BY THE COURT
rules pertaining to the termination of parental rights are
reviewed and applied.
Indian children are in a special category when it comes to
child in need of care proceedings. In Kansas, a child in need
of care proceeding is generally governed by the Revised
Kansas Code for Care of Children, except in those instances
when the court knows or has reason to know that an Indian
child is involved in the proceeding, in which case, the
Indian Child Welfare Act applies.
there is any reason to believe a child is an Indian child,
the agency and state court must treat the child as an Indian
child, unless and until it is determined that the child is
not a member or is not eligible for membership in an Indian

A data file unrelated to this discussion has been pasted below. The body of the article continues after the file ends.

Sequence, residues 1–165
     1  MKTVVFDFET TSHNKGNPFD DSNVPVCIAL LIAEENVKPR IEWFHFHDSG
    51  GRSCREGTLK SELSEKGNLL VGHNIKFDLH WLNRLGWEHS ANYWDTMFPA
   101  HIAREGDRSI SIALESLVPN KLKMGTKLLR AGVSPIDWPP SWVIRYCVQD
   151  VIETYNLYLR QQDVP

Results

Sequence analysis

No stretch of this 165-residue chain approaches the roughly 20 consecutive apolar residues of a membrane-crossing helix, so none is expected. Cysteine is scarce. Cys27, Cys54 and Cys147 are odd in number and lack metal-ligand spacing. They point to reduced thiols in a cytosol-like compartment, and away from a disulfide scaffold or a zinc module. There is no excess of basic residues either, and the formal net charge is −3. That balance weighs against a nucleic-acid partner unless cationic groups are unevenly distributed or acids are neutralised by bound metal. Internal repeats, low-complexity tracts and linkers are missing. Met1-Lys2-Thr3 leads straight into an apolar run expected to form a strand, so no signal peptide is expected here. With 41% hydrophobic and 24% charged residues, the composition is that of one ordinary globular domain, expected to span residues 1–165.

Where the court knows or has reason to know that an Indian
child is involved in a child in need of care proceeding, the
party seeking the termination of parental rights to an Indian
child shall notify the Indian child's tribe, by
registered mail with return receipt requested, of the pending
proceedings and of the tribe's right of intervention.
notice requirement includes providing responses to requests
for additional information, where available, in the event
that a tribe indicates that such information is necessary to
determine whether a child is an Indian child.
from Meade District Court; Van Z. Hampton, judge.
Scott James, of Greensburg, for appellant natural mother.
J. Kennington, of Garden City, for appellant natural father.
H. Lewis, county attorney, for appellee.
Hill, P.J., McAnany and Atcheson, JJ.
appeal of the severance of their parental rights to their
son, D.H., Jr., Mother and Father primarily claim that things
were turning around for them and the court jumped the gun and
severed their rights prematurely. Father claims a deep
emotional bond with his son and that the evidence did not
compel termination of his rights at this point. Mother also